One system of dimensional coordination uses the international basic building module of 100mm. The reference system establishes a three-dimensional grid of basic modules, or very often multi-modules of 300mm, into which the components ft.

The modular grid does not give the size of the component but does allow space for it. In order for the component to fit correctly, it will always be slightly smaller than the space allowed for it. The system must allow for some inaccuracy in the manufacturing process and changes in size due to changing temperature and moisture conditions.

This is expressed as a tolerance in size. For example, a window which is allowed a basic size of 1200mm for its width is produced with a working size of 1190mm and a manufacturing tolerance of 5mm, which is expressed as 1190 + 5mm. The actual dimension of a window delivered to the site would be somewhere between 1185mm and 1195mm. The joint would be designed to take these deviations into account.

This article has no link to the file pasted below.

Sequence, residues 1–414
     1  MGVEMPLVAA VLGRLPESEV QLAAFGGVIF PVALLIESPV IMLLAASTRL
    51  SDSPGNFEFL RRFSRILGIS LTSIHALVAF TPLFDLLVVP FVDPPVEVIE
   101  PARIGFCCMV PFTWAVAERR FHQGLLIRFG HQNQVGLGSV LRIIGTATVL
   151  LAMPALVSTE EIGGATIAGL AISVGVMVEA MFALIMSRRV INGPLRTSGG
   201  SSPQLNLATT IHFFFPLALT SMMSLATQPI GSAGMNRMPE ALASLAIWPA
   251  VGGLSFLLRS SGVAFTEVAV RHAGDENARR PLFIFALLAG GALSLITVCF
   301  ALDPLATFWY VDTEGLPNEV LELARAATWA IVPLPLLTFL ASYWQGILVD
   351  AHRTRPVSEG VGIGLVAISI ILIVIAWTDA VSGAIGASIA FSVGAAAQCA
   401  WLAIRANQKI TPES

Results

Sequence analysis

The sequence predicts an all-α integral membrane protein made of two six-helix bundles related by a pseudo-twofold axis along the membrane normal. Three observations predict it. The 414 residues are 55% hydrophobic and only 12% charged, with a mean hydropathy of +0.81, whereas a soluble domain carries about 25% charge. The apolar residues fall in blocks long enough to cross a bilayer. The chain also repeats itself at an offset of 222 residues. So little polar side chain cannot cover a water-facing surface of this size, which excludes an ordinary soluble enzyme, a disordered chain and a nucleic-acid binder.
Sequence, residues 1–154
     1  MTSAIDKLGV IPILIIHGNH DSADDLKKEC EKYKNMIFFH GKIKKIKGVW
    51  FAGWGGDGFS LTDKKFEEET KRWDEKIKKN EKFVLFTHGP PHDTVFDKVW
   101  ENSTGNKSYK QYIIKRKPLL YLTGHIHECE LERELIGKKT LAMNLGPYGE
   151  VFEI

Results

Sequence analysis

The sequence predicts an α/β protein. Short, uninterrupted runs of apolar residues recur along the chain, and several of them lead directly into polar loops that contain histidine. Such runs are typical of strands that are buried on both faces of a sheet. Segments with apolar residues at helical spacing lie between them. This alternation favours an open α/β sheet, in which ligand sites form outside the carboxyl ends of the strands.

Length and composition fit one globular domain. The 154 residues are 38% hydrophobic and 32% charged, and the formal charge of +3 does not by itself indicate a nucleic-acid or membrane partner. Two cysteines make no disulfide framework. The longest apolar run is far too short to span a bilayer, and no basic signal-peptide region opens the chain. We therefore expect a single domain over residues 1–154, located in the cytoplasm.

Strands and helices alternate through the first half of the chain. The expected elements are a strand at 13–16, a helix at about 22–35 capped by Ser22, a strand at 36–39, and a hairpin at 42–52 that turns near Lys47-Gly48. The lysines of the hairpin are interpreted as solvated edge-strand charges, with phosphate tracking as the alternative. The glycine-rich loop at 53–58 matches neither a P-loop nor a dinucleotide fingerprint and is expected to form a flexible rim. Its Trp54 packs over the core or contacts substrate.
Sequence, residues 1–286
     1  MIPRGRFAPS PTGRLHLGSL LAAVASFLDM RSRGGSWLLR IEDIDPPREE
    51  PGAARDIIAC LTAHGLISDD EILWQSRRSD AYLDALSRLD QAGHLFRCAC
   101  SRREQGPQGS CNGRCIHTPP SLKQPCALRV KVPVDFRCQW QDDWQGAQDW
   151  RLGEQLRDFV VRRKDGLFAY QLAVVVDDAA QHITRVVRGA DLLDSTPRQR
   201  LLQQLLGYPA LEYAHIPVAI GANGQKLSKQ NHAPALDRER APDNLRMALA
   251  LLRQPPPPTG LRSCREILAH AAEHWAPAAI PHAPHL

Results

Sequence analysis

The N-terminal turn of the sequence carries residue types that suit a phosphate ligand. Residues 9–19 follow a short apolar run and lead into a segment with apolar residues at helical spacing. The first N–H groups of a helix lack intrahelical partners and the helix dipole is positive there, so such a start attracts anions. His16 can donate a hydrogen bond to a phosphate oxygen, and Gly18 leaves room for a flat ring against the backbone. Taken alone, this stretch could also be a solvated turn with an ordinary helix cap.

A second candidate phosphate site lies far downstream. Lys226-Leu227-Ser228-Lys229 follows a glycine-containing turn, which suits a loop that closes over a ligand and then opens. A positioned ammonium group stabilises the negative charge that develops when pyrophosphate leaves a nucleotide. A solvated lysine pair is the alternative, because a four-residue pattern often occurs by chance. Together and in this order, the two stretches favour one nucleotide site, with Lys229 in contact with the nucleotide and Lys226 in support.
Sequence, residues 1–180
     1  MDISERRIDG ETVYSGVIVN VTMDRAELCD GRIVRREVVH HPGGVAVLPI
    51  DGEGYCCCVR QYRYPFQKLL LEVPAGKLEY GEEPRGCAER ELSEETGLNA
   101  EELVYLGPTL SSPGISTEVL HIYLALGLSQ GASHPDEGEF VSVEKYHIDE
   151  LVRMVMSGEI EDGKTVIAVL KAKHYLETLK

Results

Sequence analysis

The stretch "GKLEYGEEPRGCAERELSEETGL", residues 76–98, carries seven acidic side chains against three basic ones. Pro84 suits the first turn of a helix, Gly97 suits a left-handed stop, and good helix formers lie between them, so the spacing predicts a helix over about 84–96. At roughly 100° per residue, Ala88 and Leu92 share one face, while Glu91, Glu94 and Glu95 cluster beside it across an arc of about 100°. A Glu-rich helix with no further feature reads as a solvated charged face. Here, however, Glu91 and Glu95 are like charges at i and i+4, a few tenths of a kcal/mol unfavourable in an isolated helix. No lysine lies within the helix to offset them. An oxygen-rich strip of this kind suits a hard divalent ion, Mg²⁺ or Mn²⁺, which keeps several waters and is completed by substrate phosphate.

Modular-size concrete blocks are 290mm long and modular format bricks are 190 x 90 x 40 or 90mm actual size to allow for 10mm mortar joints and plaster. The actual size of openings will then be 1220mm. In this process the designer has a responsibility to specify tolerances that can be achieved with available craftsmen and factories. It will be easier to fit factory produced window and door casements, which are made to standard modular sizes, if these sizes are also used when bricks and blocks are manufactured locally. The common brick size of 215 x 102.5 x 65mm allows for laying four coarses to 300mm vertically and four brick lengths to 900mm horizontally, if 10mm joints are used.